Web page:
Now that you know how composting works in general, you will also want to know how technology has enabled us to speed up that process. Kitchen-countertop composters are great for those who can’t do a 3-5ft3 compost bin but may have a container garden for vegetables that can benefit from all those nutrients in the kitchen scraps (think: city apartment with a balcony). Here are some in that category:
- Lomi by Pela, $500, adds heat, abrasion and oxygen to the organic matter, to produce compost starter or ready compost in 3 different cycles. Two of the three cycles use Lomi pods, which are a proprietary blend of probiotics that improve breakdown, reduce smell and provide rich nutrients. These pods probably provide what normal composting adds, which is the brown organic material from leaves and manure.
- The Bokashi Organiko Odor-Free Kitchen Compost Bin by Teraganix, $119, was developed by a Japanese scientist. “Bokashi” means “fermented organic matter” in Japanese, and is different from compost in that it is an anaerobic process, meaning that it proceeds in the absence of oxygen. Therefore this kitchen composter is sealed tightly in order to avoid air intrusion except when adding more kitchen scraps. The anaerobic process requires that you add “Bokashi Bran” to the bin to speed up the process and keep the smell away, but it also allows you to add dairy and meat products in your scraps. The liquid that is drained off every few days may be watered down for plant food, and the end product after 10-20 days is “compost starter” that can be buried in your garden. All in all, it’s a speedier process than outdoor composting and to do Bokashi yourself without purchasing this bin, check out this article.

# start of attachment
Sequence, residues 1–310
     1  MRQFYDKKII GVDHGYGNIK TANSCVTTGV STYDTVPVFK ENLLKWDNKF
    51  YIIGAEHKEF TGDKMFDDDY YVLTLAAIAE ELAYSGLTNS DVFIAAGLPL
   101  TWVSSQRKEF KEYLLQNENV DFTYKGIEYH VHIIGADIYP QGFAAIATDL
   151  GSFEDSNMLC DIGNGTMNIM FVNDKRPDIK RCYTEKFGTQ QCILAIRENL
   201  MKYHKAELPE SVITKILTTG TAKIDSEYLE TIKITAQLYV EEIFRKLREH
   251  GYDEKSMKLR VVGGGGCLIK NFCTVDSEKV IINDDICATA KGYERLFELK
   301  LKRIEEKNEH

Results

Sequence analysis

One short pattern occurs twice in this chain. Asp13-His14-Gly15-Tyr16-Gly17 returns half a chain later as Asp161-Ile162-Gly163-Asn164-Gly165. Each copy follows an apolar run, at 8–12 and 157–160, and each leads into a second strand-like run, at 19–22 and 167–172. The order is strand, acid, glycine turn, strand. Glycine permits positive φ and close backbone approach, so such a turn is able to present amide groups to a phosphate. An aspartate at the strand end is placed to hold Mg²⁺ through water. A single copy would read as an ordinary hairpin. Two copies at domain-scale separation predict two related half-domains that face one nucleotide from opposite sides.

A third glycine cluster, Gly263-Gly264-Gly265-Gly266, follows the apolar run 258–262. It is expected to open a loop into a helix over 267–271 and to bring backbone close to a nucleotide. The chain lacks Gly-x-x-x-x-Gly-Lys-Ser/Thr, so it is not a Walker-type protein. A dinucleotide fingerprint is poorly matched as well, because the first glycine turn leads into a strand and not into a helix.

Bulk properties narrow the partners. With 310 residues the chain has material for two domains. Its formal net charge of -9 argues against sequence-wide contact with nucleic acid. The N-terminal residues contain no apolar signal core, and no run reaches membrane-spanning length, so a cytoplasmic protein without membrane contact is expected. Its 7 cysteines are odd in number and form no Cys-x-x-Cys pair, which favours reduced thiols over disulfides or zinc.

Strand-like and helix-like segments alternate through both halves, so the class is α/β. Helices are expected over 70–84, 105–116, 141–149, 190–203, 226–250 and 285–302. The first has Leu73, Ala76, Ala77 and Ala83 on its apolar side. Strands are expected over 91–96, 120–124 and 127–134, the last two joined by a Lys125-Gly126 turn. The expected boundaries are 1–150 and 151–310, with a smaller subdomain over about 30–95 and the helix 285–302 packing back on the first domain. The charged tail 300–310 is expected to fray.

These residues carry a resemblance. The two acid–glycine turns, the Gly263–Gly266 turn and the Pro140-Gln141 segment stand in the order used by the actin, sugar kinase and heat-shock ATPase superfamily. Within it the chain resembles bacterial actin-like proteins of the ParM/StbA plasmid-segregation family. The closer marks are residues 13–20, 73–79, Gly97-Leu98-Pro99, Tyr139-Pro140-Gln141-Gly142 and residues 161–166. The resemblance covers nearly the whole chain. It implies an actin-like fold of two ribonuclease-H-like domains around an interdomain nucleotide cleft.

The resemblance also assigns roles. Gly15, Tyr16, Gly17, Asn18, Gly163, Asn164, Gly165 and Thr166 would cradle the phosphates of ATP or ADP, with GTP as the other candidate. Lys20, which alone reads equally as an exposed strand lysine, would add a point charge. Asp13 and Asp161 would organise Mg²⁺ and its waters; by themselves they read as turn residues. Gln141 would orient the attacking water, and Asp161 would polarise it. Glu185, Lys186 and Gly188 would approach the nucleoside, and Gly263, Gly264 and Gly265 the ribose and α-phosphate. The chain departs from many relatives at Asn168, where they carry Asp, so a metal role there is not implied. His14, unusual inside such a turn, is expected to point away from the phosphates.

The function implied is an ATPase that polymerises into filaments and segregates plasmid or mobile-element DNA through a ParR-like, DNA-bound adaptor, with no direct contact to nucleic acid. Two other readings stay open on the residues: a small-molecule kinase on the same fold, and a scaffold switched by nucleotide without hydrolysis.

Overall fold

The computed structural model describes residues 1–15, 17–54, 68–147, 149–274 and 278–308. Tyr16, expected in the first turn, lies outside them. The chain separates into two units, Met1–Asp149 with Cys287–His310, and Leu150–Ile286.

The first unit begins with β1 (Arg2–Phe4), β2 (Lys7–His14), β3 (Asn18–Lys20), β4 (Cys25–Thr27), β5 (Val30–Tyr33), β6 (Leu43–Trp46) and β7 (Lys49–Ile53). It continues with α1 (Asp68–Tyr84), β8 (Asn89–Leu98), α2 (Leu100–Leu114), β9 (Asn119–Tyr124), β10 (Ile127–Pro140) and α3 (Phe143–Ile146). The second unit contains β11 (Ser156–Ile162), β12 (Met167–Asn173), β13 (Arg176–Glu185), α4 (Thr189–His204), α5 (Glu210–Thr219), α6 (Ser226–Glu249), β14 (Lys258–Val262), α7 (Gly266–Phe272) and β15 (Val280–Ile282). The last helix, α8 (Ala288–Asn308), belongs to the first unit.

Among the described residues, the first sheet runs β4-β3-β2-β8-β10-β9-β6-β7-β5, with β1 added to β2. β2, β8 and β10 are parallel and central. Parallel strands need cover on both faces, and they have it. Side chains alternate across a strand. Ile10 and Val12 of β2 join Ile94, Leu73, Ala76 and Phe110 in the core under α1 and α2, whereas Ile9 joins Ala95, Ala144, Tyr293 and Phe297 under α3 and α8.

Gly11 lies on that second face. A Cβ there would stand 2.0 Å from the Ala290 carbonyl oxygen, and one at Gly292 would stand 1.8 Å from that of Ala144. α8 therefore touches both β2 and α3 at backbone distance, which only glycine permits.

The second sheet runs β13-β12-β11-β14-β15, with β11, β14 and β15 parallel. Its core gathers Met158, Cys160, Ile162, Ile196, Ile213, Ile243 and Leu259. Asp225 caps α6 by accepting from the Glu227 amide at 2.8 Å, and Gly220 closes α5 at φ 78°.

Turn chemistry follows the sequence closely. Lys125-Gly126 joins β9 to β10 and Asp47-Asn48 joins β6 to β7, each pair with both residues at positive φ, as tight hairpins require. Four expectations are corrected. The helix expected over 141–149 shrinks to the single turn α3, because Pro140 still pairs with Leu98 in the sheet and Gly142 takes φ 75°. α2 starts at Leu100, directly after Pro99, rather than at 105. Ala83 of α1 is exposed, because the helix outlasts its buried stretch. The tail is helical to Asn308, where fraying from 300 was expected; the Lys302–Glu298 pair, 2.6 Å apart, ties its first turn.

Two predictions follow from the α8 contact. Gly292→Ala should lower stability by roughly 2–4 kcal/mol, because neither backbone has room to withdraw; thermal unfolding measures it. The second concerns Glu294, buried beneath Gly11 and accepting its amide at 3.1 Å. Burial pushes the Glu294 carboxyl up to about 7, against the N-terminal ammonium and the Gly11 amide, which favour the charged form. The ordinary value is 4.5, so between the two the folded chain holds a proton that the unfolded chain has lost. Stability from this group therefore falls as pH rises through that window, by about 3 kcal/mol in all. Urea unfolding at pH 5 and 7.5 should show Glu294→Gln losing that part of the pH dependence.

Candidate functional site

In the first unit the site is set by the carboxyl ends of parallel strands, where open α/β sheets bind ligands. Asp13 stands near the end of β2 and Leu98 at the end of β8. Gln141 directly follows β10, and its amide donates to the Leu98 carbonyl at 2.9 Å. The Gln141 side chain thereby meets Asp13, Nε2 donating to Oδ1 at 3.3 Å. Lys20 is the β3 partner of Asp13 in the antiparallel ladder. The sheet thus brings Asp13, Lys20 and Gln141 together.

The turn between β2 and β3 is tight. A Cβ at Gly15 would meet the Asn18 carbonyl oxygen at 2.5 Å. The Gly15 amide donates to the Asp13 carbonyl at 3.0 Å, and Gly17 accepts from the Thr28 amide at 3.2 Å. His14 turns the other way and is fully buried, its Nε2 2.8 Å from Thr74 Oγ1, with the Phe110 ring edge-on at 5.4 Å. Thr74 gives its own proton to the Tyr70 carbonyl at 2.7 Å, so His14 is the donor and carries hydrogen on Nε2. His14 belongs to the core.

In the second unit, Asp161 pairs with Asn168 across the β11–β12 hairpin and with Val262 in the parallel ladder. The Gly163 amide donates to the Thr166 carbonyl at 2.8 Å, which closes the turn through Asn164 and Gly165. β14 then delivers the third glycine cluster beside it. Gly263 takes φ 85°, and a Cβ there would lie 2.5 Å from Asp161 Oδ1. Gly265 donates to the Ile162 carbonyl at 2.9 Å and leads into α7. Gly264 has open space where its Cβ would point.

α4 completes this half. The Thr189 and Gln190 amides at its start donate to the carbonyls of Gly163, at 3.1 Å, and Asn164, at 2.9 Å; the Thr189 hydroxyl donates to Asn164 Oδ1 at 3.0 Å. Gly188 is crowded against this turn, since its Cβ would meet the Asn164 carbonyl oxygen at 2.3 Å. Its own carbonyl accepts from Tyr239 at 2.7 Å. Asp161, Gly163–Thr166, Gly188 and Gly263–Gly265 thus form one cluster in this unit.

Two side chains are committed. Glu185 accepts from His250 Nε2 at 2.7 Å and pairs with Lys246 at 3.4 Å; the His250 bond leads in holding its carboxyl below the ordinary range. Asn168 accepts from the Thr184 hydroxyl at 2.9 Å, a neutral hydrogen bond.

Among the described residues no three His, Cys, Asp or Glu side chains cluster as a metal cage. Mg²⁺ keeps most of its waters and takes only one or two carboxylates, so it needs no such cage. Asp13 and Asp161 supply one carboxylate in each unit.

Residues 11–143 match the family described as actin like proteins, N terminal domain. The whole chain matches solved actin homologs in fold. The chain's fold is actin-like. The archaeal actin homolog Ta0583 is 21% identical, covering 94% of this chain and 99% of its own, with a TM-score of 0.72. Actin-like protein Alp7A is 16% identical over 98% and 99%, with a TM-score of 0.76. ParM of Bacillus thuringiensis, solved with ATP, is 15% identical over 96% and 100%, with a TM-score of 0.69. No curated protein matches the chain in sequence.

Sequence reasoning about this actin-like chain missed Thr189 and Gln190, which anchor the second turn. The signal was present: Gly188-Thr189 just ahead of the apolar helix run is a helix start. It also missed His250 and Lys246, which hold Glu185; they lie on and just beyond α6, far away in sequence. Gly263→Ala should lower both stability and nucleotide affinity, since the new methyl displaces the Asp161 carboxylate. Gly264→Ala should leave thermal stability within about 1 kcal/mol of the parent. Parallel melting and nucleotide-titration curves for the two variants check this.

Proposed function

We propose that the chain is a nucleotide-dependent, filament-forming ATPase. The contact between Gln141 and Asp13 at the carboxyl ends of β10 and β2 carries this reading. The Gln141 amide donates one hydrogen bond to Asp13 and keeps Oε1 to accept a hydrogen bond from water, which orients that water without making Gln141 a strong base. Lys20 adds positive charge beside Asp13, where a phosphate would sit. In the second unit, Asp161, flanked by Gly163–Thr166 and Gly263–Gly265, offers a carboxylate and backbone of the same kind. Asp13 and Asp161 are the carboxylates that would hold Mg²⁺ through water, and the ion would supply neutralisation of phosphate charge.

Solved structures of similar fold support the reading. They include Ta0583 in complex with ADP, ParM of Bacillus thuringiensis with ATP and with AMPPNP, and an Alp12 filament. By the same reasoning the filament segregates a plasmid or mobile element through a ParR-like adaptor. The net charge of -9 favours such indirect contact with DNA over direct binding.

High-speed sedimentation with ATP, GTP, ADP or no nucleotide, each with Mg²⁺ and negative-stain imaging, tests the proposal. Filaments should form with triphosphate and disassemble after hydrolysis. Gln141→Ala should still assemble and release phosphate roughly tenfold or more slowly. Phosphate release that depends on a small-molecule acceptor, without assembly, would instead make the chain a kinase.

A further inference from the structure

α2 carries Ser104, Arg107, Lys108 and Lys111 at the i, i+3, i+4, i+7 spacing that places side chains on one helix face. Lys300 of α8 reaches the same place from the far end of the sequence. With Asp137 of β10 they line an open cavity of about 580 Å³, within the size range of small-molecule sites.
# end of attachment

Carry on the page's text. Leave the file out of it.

If you have a lower budget and outdoor space (for many of us, growing our own vegetables is also about saving money), then you can check out these options for using the kitchen scraps in an outdoor composter. Two chambers allows you to add scraps weeks later to a second bin, so that the separate bins will continue to generate different stages of decomposition.
Inexpensive large one-chamber rotating model with great ratings: Saturnpower 43 gallon, $69
Dual chamber best-selling composter from Amazon: VivoSun Dual Batch 43 gallon, $95
And here is a great article on making your own compost bin, and another video that seems to require less wood and hardware like casters.
It’s important to be sure that compost is “ready” before adding it to your plants, because compost that is not mature can actually damage plants with its acidity, and by stealing nitrogen and oxygen from the soil to complete the decomposition process. Compost is “done” when: 1) it is no longer heating up after you turn it, 2) it looks dark brown and none of the ingredients are recognizable, 3) it smells like “earth” and not rotting vegetables. This article goes more in-depth about how to assess your compost.
Compost can be used in a number of ways, even if you don’t have a “garden”. You can rejuvenate your lawn or backyard with it, use it when planting new trees and shrubs, and also to nourish existing trees and shrubs. For gardeners, you can enrich the soil in fall, spring and summer for healthy, fruitful plants.
Start purging the kitchen smells and turn your garbage into gold with compost!
Photo by the blowup on Unsplash